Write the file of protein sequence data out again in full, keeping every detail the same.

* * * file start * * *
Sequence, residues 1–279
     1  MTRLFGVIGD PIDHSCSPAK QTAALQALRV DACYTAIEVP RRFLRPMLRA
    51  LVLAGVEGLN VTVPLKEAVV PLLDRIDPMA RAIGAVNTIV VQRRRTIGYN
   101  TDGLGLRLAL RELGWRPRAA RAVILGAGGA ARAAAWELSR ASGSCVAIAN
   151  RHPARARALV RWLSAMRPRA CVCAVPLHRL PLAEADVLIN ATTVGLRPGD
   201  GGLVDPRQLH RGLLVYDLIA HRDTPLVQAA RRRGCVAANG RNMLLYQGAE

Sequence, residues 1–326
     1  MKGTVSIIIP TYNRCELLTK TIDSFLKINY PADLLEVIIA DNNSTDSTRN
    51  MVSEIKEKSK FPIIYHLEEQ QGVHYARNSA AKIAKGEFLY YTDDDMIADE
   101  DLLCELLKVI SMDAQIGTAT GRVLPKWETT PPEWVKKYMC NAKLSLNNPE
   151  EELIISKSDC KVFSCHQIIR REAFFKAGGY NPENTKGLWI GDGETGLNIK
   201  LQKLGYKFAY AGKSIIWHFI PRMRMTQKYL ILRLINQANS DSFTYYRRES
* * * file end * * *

Sequence, residues 1–279
     1  MTRLFGVIGD PIDHSCSPAK QTAALQALRV DACYTAIEVP RRFLRPMLRA
    51  LVLAGVEGLN VTVPLKEAVV PLLDRIDPMA RAIGAVNTIV VQRRRTIGYN
   101  TDGLGLRLAL RELGWRPRAA RAVILGAGGA ARAAAWELSR ASGSCVAIAN
   151  RHPARARALV RWLSAMRPRA CVCAVPLHRL PLAEADVLIN ATTVGLRPGD
   201  GGLVDPRQLH RGLLVYDLIA HRDTPLVQAA RRRGCVAANG RNMLLYQGAE

Sequence, residues 1–326
     1  MKGTVSIIIP TYNRCELLTK TIDSFLKINY PADLLEVIIA DNNSTDSTRN
    51  MVSEIKEKSK FPIIYHLEEQ QGVHYARNSA AKIAKGEFLY YTDDDMIADE
   101  DLLCELLKVI SMDAQIGTAT GRVLPKWETT PPEWVKKYMC NAKLSLNNPE
   151  EELIISKSDC KVFSCHQIIR REAFFKAGGY NPENTKGLWI GDGETGLNIK
   201  LQKLGYKFAY AGKSIIWHFI PRMRMTQKYL ILRLINQANS DSFTYYRRES